The Fed passed again. Sean Corrigan
This article is from Sean’s Midweek Macro Musings dated 18th March.
Not that anyone really should have been surprised, but the Fed passed again at this week’s FOMC and, indeed, effectively eased by making plain that it now saw only two more hikes this year (each ‘data-dependent’, naturally), rather than the previous four.
Yields fell between 12-15bps across the curve, the USD came under heavy assault, gold rose by as much as $40/oz, crude by no less than 10%, as a result of what the Fed’s own pronouncements declared was a move aimed at stabilizing the value of the Board’s 401k’s in the near term, rather than at giving any Olympian consideration to ensuring that monetary fluctuations or banking injudiciousness would avoidably impair the ability of those in the real economy to frame and execute their long-term plans—i.e., to discharging the Fed’s principal function, not nursemaiding ETF flippers.
Seemingly justifying this was a tepid, downwardly-revised retails sales number, coupled with an actual contraction in industrial output. If one looks more closely, however, it quickly becomes apparent that weakness in both is concentrated in the energy sector and so is not an unalloyed cause of woe for everyone else. All the while, good old inflation—in Fed-style, CPI terms—is creeping upwards. Median CPI is very likely to break out this month, leaving Fed funds at perhaps one-tenth of where they should be!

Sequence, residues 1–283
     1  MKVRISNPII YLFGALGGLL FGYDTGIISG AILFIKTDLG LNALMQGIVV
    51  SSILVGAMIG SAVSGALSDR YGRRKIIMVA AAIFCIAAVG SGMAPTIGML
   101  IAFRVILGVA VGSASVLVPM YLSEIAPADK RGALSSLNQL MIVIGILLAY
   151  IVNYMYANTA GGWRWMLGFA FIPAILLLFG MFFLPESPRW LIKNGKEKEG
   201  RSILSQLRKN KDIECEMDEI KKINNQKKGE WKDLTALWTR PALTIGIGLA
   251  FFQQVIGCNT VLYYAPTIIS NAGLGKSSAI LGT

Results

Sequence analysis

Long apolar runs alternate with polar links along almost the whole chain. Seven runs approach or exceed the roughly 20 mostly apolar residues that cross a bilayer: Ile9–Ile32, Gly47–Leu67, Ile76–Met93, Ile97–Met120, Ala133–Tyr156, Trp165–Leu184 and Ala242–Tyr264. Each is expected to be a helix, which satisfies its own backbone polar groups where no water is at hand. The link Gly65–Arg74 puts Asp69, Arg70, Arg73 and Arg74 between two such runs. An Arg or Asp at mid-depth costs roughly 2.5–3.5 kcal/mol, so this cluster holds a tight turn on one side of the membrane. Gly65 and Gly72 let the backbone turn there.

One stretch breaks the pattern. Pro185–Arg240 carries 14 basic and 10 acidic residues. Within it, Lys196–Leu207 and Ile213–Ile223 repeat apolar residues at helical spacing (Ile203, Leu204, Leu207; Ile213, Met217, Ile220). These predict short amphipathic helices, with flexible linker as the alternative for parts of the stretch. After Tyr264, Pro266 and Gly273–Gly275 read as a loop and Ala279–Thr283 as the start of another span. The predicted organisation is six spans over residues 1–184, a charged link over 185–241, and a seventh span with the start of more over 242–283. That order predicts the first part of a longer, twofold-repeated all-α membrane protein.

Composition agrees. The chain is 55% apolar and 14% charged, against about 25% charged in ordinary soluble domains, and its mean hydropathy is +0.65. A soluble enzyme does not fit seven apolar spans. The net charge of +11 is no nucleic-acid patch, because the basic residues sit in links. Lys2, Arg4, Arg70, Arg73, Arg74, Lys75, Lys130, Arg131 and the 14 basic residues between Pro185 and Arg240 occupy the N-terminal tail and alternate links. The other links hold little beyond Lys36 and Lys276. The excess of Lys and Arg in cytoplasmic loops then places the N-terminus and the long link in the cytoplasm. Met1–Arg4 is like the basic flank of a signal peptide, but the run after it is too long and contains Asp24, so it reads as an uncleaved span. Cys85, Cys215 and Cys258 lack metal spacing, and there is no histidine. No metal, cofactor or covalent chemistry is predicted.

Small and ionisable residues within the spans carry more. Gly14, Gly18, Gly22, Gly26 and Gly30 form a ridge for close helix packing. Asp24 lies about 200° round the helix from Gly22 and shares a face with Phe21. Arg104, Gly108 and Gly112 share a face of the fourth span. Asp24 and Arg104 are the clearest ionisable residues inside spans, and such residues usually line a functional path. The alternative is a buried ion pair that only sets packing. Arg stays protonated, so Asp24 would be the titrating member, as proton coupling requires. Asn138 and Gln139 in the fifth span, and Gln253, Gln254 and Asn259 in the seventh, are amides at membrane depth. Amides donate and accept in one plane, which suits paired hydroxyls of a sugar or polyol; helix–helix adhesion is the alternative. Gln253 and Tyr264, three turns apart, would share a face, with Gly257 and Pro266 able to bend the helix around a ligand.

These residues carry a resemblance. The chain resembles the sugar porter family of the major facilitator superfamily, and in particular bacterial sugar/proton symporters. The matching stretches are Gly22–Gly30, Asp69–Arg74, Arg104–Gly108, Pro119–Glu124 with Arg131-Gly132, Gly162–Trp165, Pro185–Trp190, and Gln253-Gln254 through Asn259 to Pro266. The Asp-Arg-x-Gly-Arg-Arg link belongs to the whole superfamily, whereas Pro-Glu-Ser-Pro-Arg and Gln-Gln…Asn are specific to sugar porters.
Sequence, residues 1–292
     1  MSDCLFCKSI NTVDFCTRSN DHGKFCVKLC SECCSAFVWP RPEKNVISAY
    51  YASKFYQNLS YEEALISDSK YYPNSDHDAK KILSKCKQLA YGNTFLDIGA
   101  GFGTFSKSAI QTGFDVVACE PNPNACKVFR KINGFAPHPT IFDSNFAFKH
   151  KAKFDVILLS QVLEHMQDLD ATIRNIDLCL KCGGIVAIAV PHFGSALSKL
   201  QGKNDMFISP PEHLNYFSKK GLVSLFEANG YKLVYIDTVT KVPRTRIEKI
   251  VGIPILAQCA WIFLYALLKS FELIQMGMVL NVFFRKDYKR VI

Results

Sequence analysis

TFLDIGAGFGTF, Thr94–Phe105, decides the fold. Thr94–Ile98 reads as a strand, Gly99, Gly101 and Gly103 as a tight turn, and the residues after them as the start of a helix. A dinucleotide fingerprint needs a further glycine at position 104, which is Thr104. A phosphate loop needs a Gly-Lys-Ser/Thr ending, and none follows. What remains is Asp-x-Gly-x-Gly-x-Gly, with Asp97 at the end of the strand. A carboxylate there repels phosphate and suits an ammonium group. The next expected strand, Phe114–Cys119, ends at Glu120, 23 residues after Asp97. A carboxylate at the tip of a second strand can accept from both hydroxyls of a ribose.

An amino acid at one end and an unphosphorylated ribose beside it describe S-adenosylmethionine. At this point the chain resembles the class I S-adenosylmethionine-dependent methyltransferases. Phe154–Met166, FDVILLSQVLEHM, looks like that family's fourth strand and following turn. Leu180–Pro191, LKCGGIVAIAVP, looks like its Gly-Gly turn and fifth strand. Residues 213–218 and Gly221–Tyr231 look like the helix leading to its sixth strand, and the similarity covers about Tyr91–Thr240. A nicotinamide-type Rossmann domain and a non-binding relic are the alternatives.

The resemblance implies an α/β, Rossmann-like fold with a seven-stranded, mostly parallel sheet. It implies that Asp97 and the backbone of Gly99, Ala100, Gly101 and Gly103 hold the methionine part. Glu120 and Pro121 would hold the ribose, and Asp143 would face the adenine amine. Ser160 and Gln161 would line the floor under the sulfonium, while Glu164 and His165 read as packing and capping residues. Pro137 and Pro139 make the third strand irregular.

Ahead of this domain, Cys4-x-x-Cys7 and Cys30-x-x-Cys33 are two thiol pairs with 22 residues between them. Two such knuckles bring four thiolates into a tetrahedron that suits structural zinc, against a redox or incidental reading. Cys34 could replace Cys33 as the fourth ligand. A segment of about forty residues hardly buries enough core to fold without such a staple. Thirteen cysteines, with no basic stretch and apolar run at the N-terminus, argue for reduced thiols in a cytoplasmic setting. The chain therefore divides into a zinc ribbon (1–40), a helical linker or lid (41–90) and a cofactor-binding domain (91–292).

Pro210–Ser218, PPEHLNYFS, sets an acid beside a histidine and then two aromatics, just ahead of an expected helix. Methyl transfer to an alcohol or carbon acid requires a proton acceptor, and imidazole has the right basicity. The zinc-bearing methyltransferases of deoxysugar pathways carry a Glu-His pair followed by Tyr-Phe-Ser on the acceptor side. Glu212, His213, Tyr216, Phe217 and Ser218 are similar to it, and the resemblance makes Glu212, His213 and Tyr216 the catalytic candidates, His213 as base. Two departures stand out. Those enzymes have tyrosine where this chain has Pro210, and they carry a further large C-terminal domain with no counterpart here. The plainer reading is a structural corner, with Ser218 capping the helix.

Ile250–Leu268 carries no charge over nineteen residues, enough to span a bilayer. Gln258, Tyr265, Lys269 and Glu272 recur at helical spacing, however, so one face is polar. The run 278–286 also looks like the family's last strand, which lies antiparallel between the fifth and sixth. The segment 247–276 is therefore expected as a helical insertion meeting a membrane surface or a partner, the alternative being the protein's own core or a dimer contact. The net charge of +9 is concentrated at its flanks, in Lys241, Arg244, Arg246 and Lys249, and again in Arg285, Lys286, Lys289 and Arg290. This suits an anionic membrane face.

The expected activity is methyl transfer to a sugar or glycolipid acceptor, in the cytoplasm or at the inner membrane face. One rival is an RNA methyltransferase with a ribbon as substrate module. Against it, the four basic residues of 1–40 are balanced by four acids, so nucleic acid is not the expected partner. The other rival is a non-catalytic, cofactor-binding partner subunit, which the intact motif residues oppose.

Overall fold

Amid much high-flying rhetoric and an accompanying media blitz, the break-up of the Two Sessions has still failed to introduce any real clarity to what is intended for China beyond yet another round of stop-gap public spending and a further raft of ill-advised proposals to slice, dice, and repackage more of the nation’s burdensome debt into extra layers of accounting opacity and disintermediated fuzz.